Question about 1977 Honda GL 1000 (K2)

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Exhaust system I want to get some good sound out of my GL1000 exhaust. I know if I run straight pipes I'll lose some performance but don't know how much. Could I minimize the loss by running cherrybombs or is there a better solution?

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I have the muffler pipes from a Harley Sportster on my 76 gl1000 and they sound great with no need to change the adjustments.

Posted on Jan 22, 2009

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You can run straight pipes, but you'll need to re-jet your carbs.

Posted on Nov 21, 2008

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Truck has a fluttering noise at exhaust pipe


Ron, A lot of cars and trucks experience this,Is your engine running good and tuned up, if you find no exhaust leak(including around the manifolds) and know baffles in mufflers are OK and not loose, you may have to consider it normal. I have not done it, some say to install an H or X pipe ahead of mufflers to equalize exhaust pressure and get rid of noise. Check the attached links,instruction and guides, Good luck
"I hope this helped you out, if so let me know by pressing the helpful button. Check out some of my other posts if you need more tips and info."
http://www.fullsizechevy.com/forum/general-discussion/performance/exhaust/467084-fluttering-flapping-noise-out-exhaust.html
How After Market Exhaust Systems Can Disrupt Your Car Power Curve Exhaust...
http://www.camaro5.com/forums/showthread.php?t=269259

Jul 08, 2016 | Cars & Trucks

1 Answer

What modified exhaust system is best


exhaust systems are more complex than just sticking on any old thing
exhaust systems that are "mandrel bent) have a smoother flow of exhaust gas
systems that have a balance pipe between banks is a must but the balance pipe has to be of a particular size
to understand an exhaust system you have to have some understanding of how it works
yes--- it takes the exhaust gas out the back and sounds real good when it is loud and if that is all you want then any system will do the job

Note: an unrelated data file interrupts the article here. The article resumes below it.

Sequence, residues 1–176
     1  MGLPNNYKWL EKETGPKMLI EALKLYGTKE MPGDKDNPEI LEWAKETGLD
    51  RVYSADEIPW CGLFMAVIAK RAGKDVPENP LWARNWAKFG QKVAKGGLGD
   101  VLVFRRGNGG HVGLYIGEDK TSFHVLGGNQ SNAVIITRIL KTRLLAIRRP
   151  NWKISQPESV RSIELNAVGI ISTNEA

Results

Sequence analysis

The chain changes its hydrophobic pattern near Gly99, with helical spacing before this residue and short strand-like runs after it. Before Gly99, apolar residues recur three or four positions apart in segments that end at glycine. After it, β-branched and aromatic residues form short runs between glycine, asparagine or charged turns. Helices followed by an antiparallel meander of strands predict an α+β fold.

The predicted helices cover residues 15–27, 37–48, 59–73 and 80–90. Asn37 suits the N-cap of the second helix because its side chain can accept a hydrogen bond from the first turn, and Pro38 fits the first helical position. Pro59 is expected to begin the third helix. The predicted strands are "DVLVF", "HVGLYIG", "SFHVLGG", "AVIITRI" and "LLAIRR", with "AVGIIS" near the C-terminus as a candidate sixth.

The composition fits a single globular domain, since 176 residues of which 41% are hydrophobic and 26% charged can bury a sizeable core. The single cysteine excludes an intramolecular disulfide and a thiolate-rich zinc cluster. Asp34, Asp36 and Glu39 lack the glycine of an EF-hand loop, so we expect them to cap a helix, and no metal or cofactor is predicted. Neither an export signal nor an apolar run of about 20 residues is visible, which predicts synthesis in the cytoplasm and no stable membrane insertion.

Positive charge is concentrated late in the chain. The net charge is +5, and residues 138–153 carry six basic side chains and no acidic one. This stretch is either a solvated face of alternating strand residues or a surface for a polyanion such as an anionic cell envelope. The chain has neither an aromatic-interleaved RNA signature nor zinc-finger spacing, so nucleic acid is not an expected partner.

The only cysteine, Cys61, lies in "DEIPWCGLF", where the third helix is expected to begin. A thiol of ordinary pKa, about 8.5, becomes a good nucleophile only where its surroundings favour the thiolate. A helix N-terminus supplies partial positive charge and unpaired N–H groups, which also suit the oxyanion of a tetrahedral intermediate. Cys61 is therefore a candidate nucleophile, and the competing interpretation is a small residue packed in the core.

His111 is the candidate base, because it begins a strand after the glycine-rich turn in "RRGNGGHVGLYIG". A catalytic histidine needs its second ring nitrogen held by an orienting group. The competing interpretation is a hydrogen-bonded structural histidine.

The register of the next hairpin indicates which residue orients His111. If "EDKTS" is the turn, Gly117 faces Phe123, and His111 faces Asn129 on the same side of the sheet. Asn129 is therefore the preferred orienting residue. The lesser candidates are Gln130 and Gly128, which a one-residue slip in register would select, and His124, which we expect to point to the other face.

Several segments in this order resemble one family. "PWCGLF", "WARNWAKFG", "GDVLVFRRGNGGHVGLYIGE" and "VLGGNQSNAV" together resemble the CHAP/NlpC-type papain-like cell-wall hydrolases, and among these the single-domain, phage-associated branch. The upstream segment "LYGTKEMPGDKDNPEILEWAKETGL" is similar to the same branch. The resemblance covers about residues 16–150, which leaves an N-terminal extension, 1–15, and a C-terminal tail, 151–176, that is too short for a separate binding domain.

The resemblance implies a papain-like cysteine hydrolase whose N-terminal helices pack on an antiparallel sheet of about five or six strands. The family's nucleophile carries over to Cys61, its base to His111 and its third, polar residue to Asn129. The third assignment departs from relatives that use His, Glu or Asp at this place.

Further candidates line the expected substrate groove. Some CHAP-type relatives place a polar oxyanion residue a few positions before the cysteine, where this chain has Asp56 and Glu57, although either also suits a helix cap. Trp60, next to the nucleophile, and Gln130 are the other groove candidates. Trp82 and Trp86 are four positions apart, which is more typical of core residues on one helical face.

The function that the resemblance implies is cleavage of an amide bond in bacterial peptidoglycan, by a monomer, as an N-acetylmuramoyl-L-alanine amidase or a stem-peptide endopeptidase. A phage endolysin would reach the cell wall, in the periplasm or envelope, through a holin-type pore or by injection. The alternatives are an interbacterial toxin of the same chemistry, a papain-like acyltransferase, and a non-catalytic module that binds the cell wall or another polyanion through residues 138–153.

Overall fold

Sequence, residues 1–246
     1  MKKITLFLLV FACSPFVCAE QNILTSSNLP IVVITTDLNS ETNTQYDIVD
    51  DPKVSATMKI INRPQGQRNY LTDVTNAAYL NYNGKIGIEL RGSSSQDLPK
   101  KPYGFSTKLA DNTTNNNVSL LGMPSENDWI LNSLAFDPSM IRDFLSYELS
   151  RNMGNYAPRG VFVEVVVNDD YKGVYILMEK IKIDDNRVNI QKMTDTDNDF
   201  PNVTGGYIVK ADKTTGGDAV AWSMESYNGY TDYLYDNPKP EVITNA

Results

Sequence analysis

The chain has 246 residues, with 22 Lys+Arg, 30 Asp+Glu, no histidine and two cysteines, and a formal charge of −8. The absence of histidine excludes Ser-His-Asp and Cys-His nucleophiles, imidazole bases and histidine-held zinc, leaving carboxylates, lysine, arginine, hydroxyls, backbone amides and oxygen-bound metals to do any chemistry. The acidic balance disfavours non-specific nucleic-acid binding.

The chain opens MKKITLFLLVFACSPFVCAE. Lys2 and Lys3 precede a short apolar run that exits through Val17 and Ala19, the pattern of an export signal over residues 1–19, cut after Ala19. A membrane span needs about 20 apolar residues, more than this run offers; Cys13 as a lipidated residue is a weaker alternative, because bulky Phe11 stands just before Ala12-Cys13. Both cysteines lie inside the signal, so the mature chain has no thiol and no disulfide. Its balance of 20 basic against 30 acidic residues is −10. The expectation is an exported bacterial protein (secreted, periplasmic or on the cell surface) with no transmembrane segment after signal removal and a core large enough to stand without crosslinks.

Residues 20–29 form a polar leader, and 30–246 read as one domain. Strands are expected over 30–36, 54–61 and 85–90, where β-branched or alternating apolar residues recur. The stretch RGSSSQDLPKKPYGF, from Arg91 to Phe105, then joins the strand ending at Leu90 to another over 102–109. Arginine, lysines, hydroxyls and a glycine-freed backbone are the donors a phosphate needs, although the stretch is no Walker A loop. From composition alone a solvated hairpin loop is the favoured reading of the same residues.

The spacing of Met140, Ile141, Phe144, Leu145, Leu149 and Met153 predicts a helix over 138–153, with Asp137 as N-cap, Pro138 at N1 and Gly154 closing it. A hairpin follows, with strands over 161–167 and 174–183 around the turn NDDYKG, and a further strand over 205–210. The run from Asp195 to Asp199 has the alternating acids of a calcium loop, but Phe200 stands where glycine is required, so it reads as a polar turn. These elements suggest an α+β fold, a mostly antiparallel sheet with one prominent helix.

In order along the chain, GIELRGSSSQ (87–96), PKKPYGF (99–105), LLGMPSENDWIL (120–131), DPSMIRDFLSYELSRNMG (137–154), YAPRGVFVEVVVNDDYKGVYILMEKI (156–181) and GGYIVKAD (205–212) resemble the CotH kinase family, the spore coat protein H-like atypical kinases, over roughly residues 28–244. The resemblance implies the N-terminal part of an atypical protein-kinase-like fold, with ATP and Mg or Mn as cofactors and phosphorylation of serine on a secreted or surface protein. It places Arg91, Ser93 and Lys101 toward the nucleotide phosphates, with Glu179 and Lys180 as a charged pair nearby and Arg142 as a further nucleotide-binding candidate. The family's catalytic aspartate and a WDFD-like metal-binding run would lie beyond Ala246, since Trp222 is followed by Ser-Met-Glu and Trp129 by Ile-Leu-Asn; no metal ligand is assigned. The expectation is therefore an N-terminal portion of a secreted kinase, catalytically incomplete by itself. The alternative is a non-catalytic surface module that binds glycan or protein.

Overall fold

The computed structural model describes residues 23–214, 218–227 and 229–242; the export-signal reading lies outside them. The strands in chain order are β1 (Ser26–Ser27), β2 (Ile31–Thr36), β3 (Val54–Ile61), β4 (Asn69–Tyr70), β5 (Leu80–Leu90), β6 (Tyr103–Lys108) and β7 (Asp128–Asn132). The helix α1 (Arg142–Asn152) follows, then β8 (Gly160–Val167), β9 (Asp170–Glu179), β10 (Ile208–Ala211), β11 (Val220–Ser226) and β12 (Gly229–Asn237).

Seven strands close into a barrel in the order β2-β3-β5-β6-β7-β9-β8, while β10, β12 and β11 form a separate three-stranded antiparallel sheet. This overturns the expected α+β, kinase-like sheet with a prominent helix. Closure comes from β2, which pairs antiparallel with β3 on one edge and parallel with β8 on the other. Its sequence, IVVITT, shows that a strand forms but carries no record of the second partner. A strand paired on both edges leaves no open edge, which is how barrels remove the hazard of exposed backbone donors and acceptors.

the fact is , exhaust systems when operating correctly are designed to move the gas at such a speed so as to have the low pressure shock wave return to the exhaust valve at the moment when it is opening and so the compression gas exits into a low pressure are
this low pressure shock wave is created when the high pressure of the expanding gas in the exhaust reaches the end of the pipe and explodes into the air.This creates a low pressure in the pipe behind it which then travels back up the system to get to the exhaust valve at the precise moment it opens
Now if the system is too long, too big or has too many bends or wrinkles in the bends, that movement of the low pressure is lost to the exhaust valve and so the gas escapes into a pressure area
in effect exhaust gas flows as a pulse as each exhaust valve is opened in succession
this pulse is what is heard as a loud noise from a bad system
it indicates a system that is not getting fully performance from the engine
another point --- exhaust gas noise echoes in a pipe as like ripples from a stone dropped in water
to have an efficient exhaust system that is quite , that principle has to be acknowledged and the system muffler silences that echo without affecting the gas flow
that is why a muffler works as it shuts down the echo out the pipe but it also blocks the gas flow
items fitted such as "hot dog " type mufflers absorb and the way such a muffler is fitted depends on the amount of echo captured the echo with out affecting the gas flow
so now having some understanding of the purpose of an exhaust system , you should be able to select a performance enhancing system with out the noise problem that will attract the law enforcement agencies
the cost is no guarantee of performance but design suited to the car is